E-MAIL Versus Communications

It lurks, waiting for the unsuspecting communicator.  Its disguise, the quick and easy transition of words or documents from one place to another. Yet it has an insidious power that can transform grown men into small minded bullies or professional women into petty tyrants. Yes, I’m talking about e-mail.  If we’re totally honest with ourselves, we would see email for what it really is, a super villain.  I’ve seen the horror it can do.

I’ve had to run down a hallway shouting to colleagues to, “PLEASE STOP SENDING E-MAILS” when a chain of emails with some of our stakeholders across the country escalated into an all out war. It’s not that I don’t enjoy a good joke and really, email fights are always funny in retrospect. It is just that when you make your living building relationships, you don’t have much humour for watching years of cultivation, good will and hard work go up in flames because of a few poorly conceived emails. It’s not just your external stakeholders who can be effected by it either. Internal emails are probably among the most prolific contributors to poor moral.

A poorly worded or too widely sent email can spiral a team into chaos. I’ve coached managers on what to say to chronic email abusers and I’ve had to soothe frustrated team members when someone showed disrespect to them in an email. There is also the abusive reply all function. Imagine the chain of events that unfolds when thousands of people receive a shrill email questioning management on a decision that impacted the whole organization. I still wake up screaming.

Or there is the unjustified anger that follows when someone sends an email with directions and subsequently does not get the behavior they want. If I hear one more time, “But I sent them an email!” I may get dangerous. Sending does not mean people received it.  Receiving it doesn’t mean they read it.  Reading it doesn’t mean they understood it.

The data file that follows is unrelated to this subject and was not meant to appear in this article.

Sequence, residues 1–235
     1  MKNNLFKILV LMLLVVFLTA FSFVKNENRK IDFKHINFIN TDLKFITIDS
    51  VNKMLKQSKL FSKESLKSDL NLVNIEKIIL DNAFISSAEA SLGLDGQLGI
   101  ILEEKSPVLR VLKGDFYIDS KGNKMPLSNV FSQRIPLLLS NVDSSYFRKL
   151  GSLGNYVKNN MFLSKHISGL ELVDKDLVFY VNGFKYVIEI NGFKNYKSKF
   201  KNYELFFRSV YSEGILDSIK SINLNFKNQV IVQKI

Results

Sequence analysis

There are protocols associated with email use that are a Google search away, so I won’t belabor the point here, but keep these lessons in mind.

Lessons Learned

  • Read it out loud, if it sounds obnoxious, it is. Don’t send it.
  • A smiley face after being obnoxious doesn’t make the email less obnoxious.
  • How many people really need to see your message? Do the math and don’t add anyone else.
  • If you’re getting angry, stop emailing, pick up the phone or walk down the hall.
  • If its urgent, important or a risk issue, don’t email, pick up the phone or walk down the hall.
  • E-mail is a temporary short-cut for sharing information, not a substitute for good communications or good relationship management.

So what about you, got any e-mail nightmares to share? Do you LOVE email or are you careful user?

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About Debra Yearwood

Experienced communications and public relations executive who manages challenges with an eye on outcomes and a sense of humour. Learn more about how I think at https://commstorm.com/ Learn more about my experience at ca.linkedin.com/in/debrayearwood/
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34 Responses to E-MAIL Versus Communications

  1. I’ve always hated email setups where the ‘reply all’ is selected as the default option. I change that now so that I have to choose to send it out to everyone rather than just the original sender. If people made sure that ‘reply all’ wasn’t their default option, I think it would cause a lot less hassle. I also really agree with the walking down the corridor option when possible – it’s good to get you up from your desk and moving around too.

  2. Great post! Thank you very much. I worked in a large office building when email first started. My strategy for internal networking at the time was to make a friend in every department. This meant that when I was looking for a resource from a different/”new” department I walked over to introduce myself. This meant the subsequent emails did not come in from the cold. As a freelancer nowadays with clients and contacts more than a department’s distance away, I do bear that in mind when sending an email from the first time.